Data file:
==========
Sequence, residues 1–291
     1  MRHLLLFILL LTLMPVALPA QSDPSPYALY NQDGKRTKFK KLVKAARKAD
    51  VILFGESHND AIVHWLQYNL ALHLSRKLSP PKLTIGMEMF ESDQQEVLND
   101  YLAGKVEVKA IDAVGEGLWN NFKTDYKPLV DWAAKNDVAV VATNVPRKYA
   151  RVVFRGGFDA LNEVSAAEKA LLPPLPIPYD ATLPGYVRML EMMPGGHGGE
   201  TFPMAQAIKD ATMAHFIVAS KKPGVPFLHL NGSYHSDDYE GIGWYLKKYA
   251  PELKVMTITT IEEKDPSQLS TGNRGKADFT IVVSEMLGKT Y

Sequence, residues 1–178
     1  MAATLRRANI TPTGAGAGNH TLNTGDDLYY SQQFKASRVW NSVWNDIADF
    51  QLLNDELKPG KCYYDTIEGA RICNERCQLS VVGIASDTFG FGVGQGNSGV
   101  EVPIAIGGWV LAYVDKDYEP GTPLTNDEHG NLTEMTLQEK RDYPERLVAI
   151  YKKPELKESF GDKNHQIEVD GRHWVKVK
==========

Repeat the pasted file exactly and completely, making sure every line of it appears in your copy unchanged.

Sequence, residues 1–291
     1  MRHLLLFILL LTLMPVALPA QSDPSPYALY NQDGKRTKFK KLVKAARKAD
    51  VILFGESHND AIVHWLQYNL ALHLSRKLSP PKLTIGMEMF ESDQQEVLND
   101  YLAGKVEVKA IDAVGEGLWN NFKTDYKPLV DWAAKNDVAV VATNVPRKYA
   151  RVVFRGGFDA LNEVSAAEKA LLPPLPIPYD ATLPGYVRML EMMPGGHGGE
   201  TFPMAQAIKD ATMAHFIVAS KKPGVPFLHL NGSYHSDDYE GIGWYLKKYA
   251  PELKVMTITT IEEKDPSQLS TGNRGKADFT IVVSEMLGKT Y

Sequence, residues 1–178
     1  MAATLRRANI TPTGAGAGNH TLNTGDDLYY SQQFKASRVW NSVWNDIADF
    51  QLLNDELKPG KCYYDTIEGA RICNERCQLS VVGIASDTFG FGVGQGNSGV
   101  EVPIAIGGWV LAYVDKDYEP GTPLTNDEHG NLTEMTLQEK RDYPERLVAI
   151  YKKPELKESF GDKNHQIEVD GRHWVKVK